The 7 Points of Do-It-Yourself SEO
Released on = October 5, 2005, 9:29 am
Press Release Author = Gordon Goodfellow
Industry = Management
Press Release Summary = Ever wondered how to go about optimizing your own website
without the expense of paying professional SEO fees? This article spells it out in 7
easy points, written by a professional practitioner who specialises in SEO and
Internet marketing for small businesses.
Press Release Body = Ever felt intimidated at the convoluted, jargon-ridden
information about Internet marketing for small businesses available on the Net? Ever
been horrified by the huge fees the experts charge, putting search engine
optimization beyond your own means? Ever thought: What exactly is search engine
optimization anyway, and can I do it myself?
The answer is: Yes, you can! The basics of search engine optimisation in applied web
marketing are simple. It's all to do with the keyword content of your text copy, and
can be summarised in seven points.
1. Register a good domain name which reflects what your site is about. Even if you
are an established business, don't register www.FredJones.com if you make widgets.
Rather, you want to register something like www.BestWidgets.com because that would
inspire confidence in people looking for quality widgets who would not necessarily
have heard of Fred Jones the widget-maker.
2. Name your page URLs based on reasons similar to the above for your web promotion,
except now you can be more specific. Search engines like to know what your page is
about. Name a page after a product (BigYellowWidgets.htm) or a service or action
(Buy-Widgets-by-Post.htm) on one of the sales pages.
3. The text in the title tag is crucial in letting search engines know what each
page is about. Put your important keywords in your title tags, using both the
singular and plural versions (people will search for both) and make these tags
different and specific for each page. For example, "Widgets and After Sales Widget
Services". Whatever you do, don't call the home page "Index", but treat it almost as
4. The other tags (at the top of the html page) between the two "HEAD" tags are not
as important as the title tag, but the description tag is still used by some search
engines in displaying what you would like web users to see when they scroll down a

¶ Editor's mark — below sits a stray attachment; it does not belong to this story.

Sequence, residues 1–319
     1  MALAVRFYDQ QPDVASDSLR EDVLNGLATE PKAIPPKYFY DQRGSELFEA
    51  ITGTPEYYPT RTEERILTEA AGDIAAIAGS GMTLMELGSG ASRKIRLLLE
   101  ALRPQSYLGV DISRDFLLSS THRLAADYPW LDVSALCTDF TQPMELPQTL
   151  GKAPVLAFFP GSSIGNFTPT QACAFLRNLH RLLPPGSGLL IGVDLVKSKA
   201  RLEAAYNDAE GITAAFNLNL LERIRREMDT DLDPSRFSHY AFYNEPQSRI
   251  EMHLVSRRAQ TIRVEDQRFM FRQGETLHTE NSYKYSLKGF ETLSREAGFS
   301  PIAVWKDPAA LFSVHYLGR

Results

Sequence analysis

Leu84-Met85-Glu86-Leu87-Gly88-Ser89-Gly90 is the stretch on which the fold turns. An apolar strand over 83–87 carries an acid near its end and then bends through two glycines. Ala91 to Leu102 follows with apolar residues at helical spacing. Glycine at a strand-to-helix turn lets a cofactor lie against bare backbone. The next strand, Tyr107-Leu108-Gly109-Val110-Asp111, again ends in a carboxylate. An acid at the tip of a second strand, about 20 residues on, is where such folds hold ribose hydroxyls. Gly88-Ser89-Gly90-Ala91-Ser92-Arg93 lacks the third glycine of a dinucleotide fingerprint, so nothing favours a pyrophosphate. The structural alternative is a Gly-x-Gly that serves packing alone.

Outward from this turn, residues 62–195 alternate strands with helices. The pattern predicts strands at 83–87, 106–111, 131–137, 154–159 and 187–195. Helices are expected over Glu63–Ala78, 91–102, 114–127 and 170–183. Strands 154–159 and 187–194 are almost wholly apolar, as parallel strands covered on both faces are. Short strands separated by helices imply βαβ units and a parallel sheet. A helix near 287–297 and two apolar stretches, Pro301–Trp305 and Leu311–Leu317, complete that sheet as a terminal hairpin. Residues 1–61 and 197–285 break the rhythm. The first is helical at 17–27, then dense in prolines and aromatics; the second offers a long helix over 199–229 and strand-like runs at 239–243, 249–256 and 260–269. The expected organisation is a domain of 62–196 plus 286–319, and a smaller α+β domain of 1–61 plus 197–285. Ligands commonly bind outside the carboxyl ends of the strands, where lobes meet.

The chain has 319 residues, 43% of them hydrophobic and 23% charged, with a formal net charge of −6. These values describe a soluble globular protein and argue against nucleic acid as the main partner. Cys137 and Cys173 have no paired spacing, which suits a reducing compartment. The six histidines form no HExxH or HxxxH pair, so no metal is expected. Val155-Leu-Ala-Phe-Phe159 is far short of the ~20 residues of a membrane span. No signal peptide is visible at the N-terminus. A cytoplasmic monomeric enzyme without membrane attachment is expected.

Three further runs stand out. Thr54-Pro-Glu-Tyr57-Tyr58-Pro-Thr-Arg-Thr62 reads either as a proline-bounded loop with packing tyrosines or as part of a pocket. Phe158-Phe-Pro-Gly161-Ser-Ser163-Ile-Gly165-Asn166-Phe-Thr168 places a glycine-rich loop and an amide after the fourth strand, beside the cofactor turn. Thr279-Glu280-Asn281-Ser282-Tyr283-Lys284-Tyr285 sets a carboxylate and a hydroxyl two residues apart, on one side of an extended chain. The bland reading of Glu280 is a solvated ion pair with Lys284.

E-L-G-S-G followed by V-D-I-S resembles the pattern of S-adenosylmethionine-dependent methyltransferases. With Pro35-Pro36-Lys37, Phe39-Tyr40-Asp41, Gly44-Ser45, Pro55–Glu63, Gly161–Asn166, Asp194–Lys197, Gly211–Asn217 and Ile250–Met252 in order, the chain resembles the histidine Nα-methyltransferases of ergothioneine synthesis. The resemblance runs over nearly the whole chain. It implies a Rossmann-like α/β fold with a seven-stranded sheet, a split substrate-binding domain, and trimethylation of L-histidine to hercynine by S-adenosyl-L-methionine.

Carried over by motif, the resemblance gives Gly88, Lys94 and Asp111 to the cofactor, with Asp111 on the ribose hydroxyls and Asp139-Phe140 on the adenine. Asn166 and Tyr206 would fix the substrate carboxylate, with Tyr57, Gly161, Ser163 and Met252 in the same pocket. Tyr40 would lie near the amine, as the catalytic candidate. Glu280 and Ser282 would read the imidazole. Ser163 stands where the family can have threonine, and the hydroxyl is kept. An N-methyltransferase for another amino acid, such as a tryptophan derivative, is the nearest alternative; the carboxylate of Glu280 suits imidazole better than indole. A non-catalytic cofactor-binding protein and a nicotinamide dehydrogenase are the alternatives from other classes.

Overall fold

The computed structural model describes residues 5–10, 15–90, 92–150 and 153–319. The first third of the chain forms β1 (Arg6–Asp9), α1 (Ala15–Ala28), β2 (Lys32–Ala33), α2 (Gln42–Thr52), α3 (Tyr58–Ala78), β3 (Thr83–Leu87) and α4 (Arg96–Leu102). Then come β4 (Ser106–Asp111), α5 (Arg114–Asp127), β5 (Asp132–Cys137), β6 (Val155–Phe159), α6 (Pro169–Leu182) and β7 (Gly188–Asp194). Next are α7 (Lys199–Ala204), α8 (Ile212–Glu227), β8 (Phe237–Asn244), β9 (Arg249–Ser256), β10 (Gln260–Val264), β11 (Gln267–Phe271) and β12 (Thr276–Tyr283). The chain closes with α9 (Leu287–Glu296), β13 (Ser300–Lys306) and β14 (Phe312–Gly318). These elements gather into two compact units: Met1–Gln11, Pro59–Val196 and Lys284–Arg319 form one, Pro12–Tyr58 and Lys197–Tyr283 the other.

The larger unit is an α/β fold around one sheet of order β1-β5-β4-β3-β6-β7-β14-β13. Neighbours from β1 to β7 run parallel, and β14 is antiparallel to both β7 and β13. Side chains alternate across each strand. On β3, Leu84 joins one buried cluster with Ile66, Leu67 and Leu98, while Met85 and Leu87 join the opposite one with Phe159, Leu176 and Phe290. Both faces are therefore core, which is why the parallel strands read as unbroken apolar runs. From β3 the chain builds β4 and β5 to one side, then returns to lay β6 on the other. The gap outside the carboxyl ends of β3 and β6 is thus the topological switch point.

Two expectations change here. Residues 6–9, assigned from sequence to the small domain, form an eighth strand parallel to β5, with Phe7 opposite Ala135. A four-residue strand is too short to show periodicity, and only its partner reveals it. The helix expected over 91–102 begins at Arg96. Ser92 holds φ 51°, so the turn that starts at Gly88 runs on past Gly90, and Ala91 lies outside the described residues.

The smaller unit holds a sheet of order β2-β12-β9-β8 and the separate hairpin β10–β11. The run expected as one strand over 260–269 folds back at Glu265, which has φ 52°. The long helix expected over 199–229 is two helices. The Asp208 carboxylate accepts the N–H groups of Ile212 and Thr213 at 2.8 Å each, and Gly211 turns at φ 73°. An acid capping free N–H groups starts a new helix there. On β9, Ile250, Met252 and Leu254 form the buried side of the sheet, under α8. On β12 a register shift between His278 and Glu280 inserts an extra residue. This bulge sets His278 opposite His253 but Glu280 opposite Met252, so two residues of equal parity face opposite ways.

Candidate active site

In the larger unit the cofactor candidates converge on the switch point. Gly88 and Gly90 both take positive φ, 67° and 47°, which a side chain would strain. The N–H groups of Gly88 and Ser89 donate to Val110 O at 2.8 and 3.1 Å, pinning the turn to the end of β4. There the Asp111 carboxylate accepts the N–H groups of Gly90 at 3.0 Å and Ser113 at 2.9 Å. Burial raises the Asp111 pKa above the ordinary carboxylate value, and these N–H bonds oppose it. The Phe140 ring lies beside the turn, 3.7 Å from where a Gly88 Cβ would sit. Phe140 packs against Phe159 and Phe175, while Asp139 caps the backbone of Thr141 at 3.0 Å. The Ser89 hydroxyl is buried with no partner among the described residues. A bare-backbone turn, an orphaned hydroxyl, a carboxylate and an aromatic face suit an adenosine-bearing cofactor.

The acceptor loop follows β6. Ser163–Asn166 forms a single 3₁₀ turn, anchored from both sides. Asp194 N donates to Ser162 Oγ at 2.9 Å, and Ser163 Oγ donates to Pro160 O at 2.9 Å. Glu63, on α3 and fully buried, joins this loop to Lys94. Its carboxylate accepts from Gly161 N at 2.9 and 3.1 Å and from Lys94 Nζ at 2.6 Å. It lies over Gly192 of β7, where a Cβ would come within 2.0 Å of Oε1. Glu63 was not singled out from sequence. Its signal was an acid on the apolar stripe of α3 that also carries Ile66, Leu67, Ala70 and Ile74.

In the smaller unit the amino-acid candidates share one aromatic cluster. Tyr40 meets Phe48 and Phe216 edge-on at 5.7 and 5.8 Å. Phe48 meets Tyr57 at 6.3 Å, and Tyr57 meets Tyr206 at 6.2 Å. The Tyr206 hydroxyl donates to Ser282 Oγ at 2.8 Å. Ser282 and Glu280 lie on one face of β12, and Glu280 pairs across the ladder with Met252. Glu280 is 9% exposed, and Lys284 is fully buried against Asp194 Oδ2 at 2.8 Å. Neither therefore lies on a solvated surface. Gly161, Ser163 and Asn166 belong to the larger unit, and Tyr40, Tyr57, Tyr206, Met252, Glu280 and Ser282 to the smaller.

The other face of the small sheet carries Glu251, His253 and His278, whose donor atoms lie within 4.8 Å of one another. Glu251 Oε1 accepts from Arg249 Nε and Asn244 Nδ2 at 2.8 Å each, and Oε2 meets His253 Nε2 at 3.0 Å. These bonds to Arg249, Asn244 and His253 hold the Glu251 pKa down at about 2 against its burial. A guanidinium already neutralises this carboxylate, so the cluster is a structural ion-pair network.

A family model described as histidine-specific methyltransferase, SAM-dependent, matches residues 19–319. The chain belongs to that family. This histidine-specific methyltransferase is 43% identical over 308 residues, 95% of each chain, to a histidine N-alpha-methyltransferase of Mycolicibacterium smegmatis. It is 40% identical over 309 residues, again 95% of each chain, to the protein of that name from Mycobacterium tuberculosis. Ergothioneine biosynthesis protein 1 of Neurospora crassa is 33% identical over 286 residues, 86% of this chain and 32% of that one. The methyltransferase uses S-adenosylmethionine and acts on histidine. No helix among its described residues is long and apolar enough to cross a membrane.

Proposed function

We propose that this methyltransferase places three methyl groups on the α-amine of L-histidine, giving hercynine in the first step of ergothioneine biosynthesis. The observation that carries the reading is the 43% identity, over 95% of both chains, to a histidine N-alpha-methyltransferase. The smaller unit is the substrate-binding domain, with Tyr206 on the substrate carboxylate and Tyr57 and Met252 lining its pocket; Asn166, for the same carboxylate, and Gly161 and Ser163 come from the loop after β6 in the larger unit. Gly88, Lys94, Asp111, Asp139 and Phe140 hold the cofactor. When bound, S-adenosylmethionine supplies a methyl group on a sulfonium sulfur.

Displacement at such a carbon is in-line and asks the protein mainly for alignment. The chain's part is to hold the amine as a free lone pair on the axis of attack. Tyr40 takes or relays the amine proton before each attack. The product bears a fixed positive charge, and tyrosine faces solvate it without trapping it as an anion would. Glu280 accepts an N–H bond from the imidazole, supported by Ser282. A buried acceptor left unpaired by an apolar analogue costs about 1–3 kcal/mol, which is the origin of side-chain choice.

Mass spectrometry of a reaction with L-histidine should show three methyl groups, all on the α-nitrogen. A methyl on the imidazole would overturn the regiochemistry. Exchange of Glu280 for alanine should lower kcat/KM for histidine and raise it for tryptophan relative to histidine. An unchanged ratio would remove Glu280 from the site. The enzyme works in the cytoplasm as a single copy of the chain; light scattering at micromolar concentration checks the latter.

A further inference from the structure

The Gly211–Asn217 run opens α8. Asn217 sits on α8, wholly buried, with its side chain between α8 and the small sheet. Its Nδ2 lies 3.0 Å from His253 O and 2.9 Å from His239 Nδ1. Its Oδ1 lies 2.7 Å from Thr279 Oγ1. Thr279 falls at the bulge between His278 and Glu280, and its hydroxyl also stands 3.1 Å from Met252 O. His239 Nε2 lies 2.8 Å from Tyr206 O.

page of search results. Some search engines don't use the description tag at all;
others, like Google, sometimes use part of it together with part of the main body
text surrounding prominent keywords on your page. So you may as well treat the
description tag seriously; make it brief (about 25 to 30 words) and as comprehensive
as possible in the short space allowed. Make sure you have your popular keywords
included within your description tag. The ALT tag is used for a very short
description of an image or graphic file, and is what is displayed if you allow your
mouse pointer to hover above a graphic. These days it is not considered important
for search engines. The COMMENT tag is never displayed on the body page, and is used
by coders and designers as an instruction or reminder to themselves about what that
section of html coding should be doing; in the past, some webmasters in their quest
for website promotion and search engine ranking used to stuff keywords in the
comments tags, but now it is generally acknowledged that the main search engines
pay little or no attention to these.
5. Keyword density. Each search engine has its own preference as to how many times a
keyword phrase appears on the page in order to signify the relevance of that keyword
phrase (in other words, in order to help the search engine understand what the page
is about). Around 5 to 8 per cent is a rough guide as to the optimal level. Don't
overdo it, otherwise it will be seen as spam or keyword-stuffing. Also use your
keywords in the headings tags H1 and H2. There is an H3 tag as well, but it is
doubtful whether search engines bother with that, as it is perceived as less
prominent on the page, therefore less relevant to what the page is about.
6. Don't forget good linking in your website marketing. Search engines will judge
the importance of your web pages to some extent on the number and quality of
incoming links from other sites. Ask other webmasters with sites on similar themes
to yours for a link, in exchange for a link back. These sites should not be in
competition with yours, but should be similarly themed. You may occasionally be
asked by other webmasters if they can link to your site. If this is so then have a
look at their site; make sure that their site is relevant, that it has at least some
Page Rank, and that it just "feels" good, and has no nasty surprises like redirects
or unexpected popups. You don't want to be associated with a "bad neighborhood"!
7. Make sure that important keywords are included in the anchor text within inbound
links from other sites. This is crucial to search engines when they try to figure
out the relevance and importance of your pages. The inbound link from the other site
should take the form of something like this (I'm using normal brackets instead of
angle brackets so as not to use compromising html): (A HREF
Web Site = http://www.applied-web-marketing.com
Contact Details = Gordon Goodfellow is an Internet marketing consultant and
practitioner. He lives and Works in London, UK, and has helped companies in many
industry sectors with clients worldwide. His main site is
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